As an employer or manager of staff, one of your most important tasks is to encourage and maintain a productive, positive and healthy working environment. To successfully achieve this balance, you need to set clear expectations for the performance and behaviour of your workers. You also need to be able to identify behaviour that is in breach of your workplace standards and to respond swiftly to inappropriate behaviour and misconduct.

Your employees are required by their employment contract to behave appropriately in the course of their employment. This includes having an obligation to:

  • serve you faithfully;
  • maintain your confidence;
  • take reasonable care in working for you;
  • co-operate with you as far as it is reasonable to do so; and
  • obey your lawful instructions.

If the behaviour of one of your employees constitutes misconduct you may be tempted to simply dismiss them. (And sometimes dismissal is the most reasonable action to take when considering the best interests of your company and your workers.) But it’s important you understand how to avoid any legal repercussions should you choose to go down this path.

To reduce your potential legal exposure in relation to employee misconduct, ensure you have policies and guidelines in place that outline how you expect employees to behave and the disciplinary steps you will take if an employee breaches these standards.

This means having policies and procedures in place that outline:

  • how you expect employees to behave;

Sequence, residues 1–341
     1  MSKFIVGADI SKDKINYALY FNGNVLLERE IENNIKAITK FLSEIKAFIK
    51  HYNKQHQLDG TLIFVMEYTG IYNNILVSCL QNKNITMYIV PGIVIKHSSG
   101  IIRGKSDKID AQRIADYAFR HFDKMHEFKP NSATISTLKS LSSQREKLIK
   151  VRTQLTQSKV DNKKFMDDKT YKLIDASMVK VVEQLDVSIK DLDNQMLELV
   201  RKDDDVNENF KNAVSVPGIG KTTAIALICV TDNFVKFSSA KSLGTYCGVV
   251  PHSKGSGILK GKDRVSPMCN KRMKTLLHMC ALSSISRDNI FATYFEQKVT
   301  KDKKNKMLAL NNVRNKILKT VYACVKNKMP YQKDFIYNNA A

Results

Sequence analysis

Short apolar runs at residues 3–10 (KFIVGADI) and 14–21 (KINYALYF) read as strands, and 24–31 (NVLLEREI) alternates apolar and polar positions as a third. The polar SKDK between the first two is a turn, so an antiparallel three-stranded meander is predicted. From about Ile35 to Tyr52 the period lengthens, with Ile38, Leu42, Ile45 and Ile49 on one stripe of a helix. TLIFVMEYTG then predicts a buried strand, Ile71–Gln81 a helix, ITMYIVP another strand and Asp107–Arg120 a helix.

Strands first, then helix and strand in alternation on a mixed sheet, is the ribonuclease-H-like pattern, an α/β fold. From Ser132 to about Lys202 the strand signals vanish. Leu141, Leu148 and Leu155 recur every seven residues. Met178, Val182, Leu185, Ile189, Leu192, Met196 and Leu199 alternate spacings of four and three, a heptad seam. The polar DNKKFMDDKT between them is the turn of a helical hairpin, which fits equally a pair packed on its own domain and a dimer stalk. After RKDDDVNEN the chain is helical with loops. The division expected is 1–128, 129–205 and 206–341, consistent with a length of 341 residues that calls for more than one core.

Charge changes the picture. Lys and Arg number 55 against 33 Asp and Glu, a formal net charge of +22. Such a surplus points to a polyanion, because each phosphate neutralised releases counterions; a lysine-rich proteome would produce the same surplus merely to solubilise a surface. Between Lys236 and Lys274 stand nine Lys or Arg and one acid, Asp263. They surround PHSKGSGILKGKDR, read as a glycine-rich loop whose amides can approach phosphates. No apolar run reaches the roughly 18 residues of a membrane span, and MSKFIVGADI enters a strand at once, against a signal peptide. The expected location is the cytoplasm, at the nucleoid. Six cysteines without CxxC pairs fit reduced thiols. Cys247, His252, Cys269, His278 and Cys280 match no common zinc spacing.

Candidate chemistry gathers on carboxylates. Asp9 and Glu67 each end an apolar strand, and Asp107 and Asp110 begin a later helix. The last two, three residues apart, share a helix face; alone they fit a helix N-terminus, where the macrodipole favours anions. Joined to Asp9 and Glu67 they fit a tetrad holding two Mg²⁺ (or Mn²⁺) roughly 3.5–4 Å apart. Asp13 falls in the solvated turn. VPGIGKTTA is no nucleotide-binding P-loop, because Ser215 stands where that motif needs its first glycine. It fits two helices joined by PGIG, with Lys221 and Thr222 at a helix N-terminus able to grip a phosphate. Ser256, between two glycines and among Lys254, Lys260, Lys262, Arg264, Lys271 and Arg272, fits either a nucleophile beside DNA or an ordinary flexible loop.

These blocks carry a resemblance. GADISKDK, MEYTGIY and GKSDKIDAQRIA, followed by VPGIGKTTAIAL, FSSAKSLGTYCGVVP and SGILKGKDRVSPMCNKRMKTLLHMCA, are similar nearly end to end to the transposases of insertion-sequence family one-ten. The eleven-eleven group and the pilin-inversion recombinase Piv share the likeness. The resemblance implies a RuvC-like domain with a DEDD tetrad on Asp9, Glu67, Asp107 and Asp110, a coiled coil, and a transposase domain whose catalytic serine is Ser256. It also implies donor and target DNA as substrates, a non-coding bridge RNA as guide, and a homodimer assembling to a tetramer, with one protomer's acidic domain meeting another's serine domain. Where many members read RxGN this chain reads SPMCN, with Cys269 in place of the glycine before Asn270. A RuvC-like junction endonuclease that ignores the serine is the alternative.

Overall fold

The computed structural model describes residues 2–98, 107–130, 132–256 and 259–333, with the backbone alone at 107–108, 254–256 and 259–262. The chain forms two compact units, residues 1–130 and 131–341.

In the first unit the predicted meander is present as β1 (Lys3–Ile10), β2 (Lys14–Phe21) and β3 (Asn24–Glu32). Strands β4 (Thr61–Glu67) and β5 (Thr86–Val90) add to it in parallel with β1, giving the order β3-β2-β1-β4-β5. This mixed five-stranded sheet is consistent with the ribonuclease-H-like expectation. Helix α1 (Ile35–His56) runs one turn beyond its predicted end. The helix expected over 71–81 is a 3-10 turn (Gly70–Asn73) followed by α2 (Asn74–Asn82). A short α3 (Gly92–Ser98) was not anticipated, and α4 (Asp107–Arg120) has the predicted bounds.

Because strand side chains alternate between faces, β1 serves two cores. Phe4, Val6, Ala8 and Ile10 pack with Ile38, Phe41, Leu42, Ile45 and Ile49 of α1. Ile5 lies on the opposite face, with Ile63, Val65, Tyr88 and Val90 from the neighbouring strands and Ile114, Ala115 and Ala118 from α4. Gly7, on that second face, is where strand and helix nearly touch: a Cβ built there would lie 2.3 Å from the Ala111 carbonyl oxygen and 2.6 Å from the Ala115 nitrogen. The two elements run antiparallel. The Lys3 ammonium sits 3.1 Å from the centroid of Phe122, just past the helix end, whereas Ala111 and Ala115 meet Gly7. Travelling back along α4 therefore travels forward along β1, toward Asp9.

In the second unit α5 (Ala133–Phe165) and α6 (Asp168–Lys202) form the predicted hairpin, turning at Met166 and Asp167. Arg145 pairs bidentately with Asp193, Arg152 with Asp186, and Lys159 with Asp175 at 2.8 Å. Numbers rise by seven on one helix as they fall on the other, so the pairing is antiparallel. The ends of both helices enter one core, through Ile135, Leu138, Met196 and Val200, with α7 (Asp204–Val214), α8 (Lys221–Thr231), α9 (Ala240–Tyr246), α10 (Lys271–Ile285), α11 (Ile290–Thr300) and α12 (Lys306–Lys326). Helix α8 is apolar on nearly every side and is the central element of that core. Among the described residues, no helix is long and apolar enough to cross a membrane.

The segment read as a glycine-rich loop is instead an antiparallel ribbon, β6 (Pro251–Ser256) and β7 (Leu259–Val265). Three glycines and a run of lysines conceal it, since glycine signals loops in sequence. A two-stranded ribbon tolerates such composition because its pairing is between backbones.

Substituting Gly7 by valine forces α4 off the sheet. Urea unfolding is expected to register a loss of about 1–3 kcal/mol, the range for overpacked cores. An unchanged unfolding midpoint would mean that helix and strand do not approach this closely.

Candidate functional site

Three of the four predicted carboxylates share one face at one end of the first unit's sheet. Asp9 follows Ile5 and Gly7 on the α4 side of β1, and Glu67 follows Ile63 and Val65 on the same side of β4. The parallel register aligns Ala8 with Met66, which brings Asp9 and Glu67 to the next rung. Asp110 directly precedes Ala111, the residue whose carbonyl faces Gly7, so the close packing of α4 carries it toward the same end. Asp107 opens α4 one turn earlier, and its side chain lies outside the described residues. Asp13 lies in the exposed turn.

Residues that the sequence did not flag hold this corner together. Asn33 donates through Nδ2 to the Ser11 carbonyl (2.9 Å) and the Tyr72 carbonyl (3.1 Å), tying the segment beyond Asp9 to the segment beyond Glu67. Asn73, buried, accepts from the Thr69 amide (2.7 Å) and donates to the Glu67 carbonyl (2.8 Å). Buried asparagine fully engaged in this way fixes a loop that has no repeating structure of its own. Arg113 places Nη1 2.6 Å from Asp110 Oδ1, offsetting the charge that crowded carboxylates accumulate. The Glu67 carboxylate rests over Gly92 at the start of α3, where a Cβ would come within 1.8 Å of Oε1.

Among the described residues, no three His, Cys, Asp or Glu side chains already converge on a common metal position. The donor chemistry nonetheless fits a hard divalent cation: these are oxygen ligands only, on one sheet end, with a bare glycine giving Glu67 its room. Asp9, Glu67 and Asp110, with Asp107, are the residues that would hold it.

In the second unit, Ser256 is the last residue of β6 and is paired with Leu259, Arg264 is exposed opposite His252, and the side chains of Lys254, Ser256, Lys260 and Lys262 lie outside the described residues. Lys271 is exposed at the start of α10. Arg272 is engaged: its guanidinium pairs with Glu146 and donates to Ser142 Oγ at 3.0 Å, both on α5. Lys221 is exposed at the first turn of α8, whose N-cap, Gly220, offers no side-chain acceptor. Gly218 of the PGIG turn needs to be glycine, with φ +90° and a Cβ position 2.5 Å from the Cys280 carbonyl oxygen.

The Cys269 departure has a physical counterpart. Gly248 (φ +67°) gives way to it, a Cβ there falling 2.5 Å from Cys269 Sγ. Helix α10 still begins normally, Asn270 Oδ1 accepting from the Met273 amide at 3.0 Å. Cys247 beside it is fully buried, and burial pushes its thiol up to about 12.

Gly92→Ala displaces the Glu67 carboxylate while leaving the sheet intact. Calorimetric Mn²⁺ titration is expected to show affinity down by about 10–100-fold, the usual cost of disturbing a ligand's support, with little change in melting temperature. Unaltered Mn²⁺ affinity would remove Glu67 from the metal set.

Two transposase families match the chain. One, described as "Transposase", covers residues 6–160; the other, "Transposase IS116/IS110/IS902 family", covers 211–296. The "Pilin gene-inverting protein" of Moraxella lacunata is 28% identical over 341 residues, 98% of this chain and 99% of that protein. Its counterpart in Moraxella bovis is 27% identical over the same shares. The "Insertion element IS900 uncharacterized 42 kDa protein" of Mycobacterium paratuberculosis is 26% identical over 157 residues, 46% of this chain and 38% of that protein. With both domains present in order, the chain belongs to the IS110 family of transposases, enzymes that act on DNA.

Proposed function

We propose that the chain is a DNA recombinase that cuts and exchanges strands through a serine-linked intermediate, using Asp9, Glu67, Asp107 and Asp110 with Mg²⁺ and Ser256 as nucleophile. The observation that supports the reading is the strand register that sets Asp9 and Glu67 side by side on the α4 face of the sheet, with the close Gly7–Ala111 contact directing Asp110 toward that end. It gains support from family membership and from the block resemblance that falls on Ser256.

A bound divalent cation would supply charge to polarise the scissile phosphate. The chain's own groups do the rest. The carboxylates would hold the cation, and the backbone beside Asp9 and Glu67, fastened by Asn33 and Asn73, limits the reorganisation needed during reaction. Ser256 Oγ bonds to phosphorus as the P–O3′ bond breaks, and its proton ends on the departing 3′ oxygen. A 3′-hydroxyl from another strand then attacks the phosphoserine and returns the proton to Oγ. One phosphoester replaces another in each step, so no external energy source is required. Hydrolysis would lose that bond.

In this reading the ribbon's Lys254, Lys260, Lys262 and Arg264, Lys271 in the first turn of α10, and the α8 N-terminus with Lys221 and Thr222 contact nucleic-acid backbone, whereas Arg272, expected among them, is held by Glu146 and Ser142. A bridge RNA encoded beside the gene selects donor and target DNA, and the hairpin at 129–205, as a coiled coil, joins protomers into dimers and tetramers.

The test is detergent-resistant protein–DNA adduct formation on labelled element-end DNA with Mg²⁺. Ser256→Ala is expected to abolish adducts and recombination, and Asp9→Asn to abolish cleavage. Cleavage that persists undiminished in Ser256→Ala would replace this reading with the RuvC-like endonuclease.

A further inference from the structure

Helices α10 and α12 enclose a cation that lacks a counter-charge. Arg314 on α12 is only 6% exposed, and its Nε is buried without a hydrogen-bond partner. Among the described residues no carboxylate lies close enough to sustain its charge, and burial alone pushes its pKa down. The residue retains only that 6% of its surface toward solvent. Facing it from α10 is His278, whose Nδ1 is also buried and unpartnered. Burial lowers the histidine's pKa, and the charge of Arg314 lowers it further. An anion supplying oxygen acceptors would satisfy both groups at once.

• how to conduct an investigation into employee misconduct; and
  • the disciplinary steps you’ll take if an employee breaches workplace standards.

Misconduct is unacceptable behaviour by an employee in the workplace, or a situation in which your employee breaches or acts inconsistently with a duty they owe you.

Common examples of misconduct include:

  • consistent lateness;
  • making abusive comments to work colleagues;
  • using offensive language in the workplace;
  • incidents that are more serious, such as:
    • being intoxicated at work;
    • stealing company money;
    • sexually harassing a co-worker; or
    • accessing, storing or distributing pornographic material at work.

Unlike unsatisfactory work performance, which concerns the capacity or competence of an employee to perform their required tasks, misconduct relates to deliberate or careless acts or omissions by an employee, and may not be directly related to their work performance.

Misconduct is different to unsatisfactory work performance in two important ways:

  • warnings are more significant for underperformance than they are for misconduct; and
  • the connection between the employee’s conduct and their employment may be harder to establish in cases of misconduct.

You should consider developing and implementing management guidelines for dealing with misconduct. A management guideline is an internal document that guides managers on how to handle a particular workplace issue.

If an allegation of misconduct has been made against one of your employees, you will need to conduct a workplace investigation into that allegation to make a finding and determine the best course of action. That is, disciplinary action or dismissal.

Being able to respond to employee misconduct quickly, confidently and effectively – while minimising any legal risk – will help ensure the productivity of your business remains uncompromised.


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